Remember asking that about math? Not adding and subtracting, obviously, but equations. Percentages. Geometry. Graphing. Once they started adding letters (and requiring calculators that cost more than a car), I was toast. Not really, I guess, I made it all the way through pre-Calc with reasonable grades, but math was never easy again, and I dropped it as soon as I could.
(Actually, I liked Geometry, the logic of angles and shapes spoke to me. I remember a very specific class where the teacher put a so-called diagram up on the overhead, but it resembled nothing so much as a blob of ink, causing us all to giggle as she tried to teach us while repeatedly referencing said meaningless blob, ultimately leading her to pitch a huge fit. I want to feel bad for her now, but we were a rather well-behaved group of advanced math students in a stuffy all-girls Catholic school, so a few giggles about blobs on the overhead are barely a blip on the radar given all of the atrocious behavior she could've been experiencing as a teacher.)
(Do they still have overhead projectors?)
It turns out, though, that you need math as a knitter. At least, if you're concerned about your clothes actually fitting. No quadratic equations or anything, but a few basics. If your gauge is x stitches per inch, and you want your garment to be Y inches wide, you'll need to cast on X x Y stitches. Decreasing, ie, subtracting evenly across a row of stitches. Counting. I was ok with all of that. The idea of doing math was scary, but in practice, it was doable.
But now, trying to design, I'm finding the need for even MORE math.
I don't like it.
Math for making different sizes. Math for adding cables. Math for switching stitch patterns. Math. Math. Math.
My head is spinning a little bit, as I try to design a pair of socks. This could take a while.
In the meantime, I've finished two pair of socks someone else spent hours fretting over designing.
Pattern: Boyfriend socks, sz medium
Yarn: Malabrigo sock in Cordovan
You may recognize these because I started knitting them last July. Oops. I guess I got distracted.
Oh well, better late than never, right?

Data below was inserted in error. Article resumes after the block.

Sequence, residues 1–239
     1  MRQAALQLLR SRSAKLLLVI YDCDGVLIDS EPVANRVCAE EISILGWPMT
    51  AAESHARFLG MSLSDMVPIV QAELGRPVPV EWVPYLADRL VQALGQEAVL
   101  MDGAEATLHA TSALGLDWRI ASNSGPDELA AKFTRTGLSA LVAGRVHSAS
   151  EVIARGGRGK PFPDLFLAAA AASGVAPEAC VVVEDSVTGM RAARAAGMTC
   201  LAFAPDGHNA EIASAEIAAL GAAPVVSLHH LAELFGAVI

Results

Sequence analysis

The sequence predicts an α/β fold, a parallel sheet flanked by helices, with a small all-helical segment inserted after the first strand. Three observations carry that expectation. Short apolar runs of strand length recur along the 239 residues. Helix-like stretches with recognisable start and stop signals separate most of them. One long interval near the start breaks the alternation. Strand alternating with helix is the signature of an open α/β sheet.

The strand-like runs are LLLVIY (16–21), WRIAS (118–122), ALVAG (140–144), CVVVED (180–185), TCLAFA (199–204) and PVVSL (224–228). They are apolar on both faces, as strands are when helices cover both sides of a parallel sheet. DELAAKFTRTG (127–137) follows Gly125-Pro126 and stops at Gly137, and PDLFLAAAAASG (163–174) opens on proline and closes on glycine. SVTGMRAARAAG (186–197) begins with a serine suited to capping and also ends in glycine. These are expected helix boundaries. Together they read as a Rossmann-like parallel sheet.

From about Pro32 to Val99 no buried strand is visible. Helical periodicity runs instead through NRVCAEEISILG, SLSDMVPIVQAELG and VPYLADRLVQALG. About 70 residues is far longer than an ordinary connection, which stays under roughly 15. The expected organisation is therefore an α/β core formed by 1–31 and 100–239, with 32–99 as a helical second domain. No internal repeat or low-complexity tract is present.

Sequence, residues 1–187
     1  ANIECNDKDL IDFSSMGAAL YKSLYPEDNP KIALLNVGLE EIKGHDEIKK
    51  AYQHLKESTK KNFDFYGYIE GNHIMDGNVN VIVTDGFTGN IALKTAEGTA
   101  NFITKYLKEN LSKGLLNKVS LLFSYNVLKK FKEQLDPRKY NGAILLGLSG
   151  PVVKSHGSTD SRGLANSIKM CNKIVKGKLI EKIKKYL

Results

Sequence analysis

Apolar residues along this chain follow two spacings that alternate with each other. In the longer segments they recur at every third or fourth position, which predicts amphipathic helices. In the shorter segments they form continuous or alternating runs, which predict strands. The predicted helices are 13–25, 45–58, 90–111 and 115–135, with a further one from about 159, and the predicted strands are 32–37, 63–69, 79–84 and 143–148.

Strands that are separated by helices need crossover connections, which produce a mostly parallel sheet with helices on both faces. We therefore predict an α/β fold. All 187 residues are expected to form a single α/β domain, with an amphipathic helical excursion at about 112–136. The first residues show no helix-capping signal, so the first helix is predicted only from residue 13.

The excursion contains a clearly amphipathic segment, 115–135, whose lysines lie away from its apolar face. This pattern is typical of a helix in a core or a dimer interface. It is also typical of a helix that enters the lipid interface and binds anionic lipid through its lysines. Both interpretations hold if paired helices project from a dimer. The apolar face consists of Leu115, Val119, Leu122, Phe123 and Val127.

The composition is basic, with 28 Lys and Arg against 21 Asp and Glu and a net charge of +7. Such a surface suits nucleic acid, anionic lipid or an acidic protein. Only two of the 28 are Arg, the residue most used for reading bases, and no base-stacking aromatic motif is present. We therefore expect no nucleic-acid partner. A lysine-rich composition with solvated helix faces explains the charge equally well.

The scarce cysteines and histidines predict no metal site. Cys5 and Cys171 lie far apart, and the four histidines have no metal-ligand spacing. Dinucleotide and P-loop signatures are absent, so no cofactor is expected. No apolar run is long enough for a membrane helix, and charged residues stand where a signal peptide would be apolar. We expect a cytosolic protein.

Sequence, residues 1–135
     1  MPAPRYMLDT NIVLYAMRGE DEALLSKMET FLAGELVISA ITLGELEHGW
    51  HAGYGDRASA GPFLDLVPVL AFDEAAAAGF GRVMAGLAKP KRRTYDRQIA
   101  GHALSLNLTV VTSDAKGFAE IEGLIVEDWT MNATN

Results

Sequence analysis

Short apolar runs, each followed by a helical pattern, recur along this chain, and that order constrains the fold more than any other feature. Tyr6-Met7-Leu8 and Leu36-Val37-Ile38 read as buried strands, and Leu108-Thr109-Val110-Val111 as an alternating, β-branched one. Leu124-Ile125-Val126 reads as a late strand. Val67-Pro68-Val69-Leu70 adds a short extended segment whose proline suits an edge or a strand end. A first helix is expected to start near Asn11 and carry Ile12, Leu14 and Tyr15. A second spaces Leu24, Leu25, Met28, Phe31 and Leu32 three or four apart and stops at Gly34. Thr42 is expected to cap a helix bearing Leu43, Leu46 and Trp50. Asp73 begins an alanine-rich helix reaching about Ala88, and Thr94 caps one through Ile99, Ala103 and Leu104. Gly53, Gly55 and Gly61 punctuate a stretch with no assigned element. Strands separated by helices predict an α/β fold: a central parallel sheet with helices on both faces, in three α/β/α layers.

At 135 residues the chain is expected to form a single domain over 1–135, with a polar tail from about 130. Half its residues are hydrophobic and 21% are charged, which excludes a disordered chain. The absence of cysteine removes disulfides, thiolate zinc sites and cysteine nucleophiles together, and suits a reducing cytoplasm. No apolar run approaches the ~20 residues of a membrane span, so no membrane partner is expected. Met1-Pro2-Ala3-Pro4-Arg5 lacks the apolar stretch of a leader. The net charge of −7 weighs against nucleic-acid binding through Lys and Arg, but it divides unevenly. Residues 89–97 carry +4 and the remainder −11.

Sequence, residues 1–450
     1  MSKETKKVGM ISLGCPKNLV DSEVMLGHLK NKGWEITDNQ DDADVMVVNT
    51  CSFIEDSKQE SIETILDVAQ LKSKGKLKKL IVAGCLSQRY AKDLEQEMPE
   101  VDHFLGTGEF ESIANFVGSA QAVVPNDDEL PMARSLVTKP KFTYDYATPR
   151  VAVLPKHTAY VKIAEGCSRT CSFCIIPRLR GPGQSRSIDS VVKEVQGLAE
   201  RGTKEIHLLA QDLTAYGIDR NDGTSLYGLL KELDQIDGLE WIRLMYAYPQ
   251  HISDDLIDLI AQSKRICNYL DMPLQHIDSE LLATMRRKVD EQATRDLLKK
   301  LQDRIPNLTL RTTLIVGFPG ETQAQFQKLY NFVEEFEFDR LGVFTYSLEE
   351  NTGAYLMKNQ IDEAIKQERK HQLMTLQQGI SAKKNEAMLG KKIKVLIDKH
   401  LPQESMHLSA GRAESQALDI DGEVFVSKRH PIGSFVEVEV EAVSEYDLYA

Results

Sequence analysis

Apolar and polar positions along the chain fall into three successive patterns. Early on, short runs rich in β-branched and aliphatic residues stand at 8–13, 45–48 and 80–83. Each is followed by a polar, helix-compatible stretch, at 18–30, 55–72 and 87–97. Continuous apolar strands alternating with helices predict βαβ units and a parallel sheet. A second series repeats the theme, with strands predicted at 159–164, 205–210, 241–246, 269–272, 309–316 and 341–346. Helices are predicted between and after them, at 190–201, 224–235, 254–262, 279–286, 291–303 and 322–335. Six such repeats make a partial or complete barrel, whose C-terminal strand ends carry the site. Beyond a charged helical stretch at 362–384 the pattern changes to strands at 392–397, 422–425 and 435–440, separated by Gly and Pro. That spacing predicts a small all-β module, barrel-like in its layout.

Easy, straightforward pattern, short row heel, cabled without a cable needle as usual. I made the cuffs extra long as that's what El Peruano prefers, and ta da:
Sadly, I did not love the Malabrigo sock. Too thin for my taste, I feel like these will wear out quickly. (El Peruano has been instructed to never, EVER put these in the laundry; let's see how long it takes him to forget.
This yarn is more my style:
Pattern: Diamonds and Cables socks, from Wendy Johnson's Toe-up Socks for Everybody
Yarn: Sanguine Gryphon Bugga! in Lubber Grasshopper
The trickiest part of this sock was a difficult cable in the middle--slip 2 stitches to the cable needle, hold in back; knit 1 stitch through the back loop from the left-hand needle; slip left-most stitch from cable needle back to the left hand needle, purl; k last stitch on cable needle through the back loop.
Since I refuse to use a cable needle unless absolutely necessary, trying to use one for this cross really slowed me down at first (mostly the bit about not dropping anything while slipping those stitches around). Once I reached a suitable level of totally-fed-up, I decided to put all my brain power into figuring out how to do it without the cable needle, and I'm happy to say, I succeeded: follow the standard technique for cabling sans needle, then, after slipping both stitches back to the left needle, purl into the second stitch, then knit into the back of the first stitch, drop both from needle.
I know, not rocket science, but I'm still proud. I figured something out without Google-ing.
These socks were the last completed for a personal challenge I established in May to knit 8 socks by the end of July (3 complete pair and 2 singles). And I'm happy to say, I did it! Eight socks in 3 months!
Now I've got 4 new pair of socks snuggled up in my knitwear drawer, waiting for me to wear them once the weather turns cool.
Today's high: only 88!